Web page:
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Pregnancy Testing and Pregnancy Symptoms

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Updated June 24, 2014

Closeup of a young woman smiling at the results of a pregnancy test. Horizontal shot.
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Why the test is done:

To determine if you are pregnant or because you are having pregnancy symptoms or signs of pregnancy.

The most frequent reasons for its use are:

How the test is done:

There are two different types of pregnancy test: urine and blood. Both look for the presence of hCG in the sample. Blood tests are more sensitive, but are more costly and not as easily obtained. Urine tests are sold at nearly every pharmacy and simply require placing a urine sample on a stick or disk. (Follow instructions on the box.)

Other names for the test:

When the test is done:

Blood test can be done about 10 days after ovulation. Urine tests begin to be more accurate around 14 days after ovulation, or about the time you miss your period. Though newer pregnancy tests come out saying that they are sensitive enough to pick up some pregnancies prior to your missed period.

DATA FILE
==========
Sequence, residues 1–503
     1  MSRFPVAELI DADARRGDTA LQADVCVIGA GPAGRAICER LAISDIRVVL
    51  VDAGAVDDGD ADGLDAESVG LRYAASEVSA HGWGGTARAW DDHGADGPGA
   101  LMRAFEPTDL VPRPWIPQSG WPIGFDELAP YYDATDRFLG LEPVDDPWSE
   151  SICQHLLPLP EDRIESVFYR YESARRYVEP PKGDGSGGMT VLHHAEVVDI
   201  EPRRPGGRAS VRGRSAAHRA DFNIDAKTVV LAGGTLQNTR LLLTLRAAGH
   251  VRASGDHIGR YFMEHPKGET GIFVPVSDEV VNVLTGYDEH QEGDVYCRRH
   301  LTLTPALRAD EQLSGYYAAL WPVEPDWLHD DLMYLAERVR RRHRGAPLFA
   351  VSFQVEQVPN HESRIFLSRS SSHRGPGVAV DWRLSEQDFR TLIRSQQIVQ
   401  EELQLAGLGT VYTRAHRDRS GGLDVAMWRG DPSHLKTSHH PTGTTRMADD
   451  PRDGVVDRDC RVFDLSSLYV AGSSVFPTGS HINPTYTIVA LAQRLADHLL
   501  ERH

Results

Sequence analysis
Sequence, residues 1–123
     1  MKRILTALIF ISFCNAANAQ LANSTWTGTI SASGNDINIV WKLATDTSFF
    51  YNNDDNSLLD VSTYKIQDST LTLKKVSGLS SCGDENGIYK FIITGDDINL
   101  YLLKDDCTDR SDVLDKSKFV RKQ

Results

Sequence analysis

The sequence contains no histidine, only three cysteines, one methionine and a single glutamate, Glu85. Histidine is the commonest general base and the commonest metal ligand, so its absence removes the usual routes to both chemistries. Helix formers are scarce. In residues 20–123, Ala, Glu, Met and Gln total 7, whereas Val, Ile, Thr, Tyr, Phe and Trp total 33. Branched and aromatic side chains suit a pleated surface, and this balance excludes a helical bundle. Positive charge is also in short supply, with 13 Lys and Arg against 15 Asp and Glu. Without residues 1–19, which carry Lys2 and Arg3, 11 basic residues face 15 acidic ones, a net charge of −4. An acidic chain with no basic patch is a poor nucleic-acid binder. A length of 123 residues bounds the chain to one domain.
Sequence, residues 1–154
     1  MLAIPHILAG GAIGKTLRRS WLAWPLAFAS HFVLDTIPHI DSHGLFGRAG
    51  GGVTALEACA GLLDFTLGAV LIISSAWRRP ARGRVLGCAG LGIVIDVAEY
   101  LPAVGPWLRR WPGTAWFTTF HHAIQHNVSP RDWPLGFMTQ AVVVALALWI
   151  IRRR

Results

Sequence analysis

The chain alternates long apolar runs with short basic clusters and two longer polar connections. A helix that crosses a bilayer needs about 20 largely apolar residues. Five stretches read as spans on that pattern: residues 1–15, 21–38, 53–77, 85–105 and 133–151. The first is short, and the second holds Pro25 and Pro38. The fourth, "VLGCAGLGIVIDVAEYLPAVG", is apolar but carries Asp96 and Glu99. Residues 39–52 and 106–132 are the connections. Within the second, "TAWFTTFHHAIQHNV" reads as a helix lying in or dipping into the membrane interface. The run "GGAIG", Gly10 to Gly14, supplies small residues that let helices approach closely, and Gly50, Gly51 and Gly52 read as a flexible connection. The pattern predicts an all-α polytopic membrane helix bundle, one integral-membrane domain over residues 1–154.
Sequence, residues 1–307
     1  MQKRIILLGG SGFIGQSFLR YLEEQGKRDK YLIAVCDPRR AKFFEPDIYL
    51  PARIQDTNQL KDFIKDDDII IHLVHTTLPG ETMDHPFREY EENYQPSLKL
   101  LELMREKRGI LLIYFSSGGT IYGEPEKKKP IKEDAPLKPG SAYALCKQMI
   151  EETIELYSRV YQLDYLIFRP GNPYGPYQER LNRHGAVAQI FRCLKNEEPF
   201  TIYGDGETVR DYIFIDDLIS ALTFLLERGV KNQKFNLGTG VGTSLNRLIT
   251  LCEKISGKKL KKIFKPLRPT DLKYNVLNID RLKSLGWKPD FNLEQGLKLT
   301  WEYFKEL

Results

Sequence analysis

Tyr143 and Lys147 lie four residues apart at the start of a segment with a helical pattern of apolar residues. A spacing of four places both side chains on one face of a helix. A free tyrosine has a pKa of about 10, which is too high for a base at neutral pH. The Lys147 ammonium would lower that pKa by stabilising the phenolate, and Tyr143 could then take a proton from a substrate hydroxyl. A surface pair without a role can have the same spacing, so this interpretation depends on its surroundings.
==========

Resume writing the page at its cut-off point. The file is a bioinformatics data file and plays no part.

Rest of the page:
How the results are given:

Usually as positive or negative. hCG levels over 5 mIU are generally considered pregnant. Most urine test measure between 25 - 200 mIU.

Risks involved:

There is no risk to the test itself.

Alternatives:

Ultrasound screening can also help determine this status although not until a few weeks later. Sometimes around 4 weeks past ovulation a manual exam can show an enlarged uterus, but it can't rule that pregnancy is the only cause.

Where do you go from here?

Dependent on results, however, seeking the help of a medical care provider like a doctor or midwife is a must for a healthy pregnancy.

Other Resources:

Readers Respond: How did you feel in early pregnancy?

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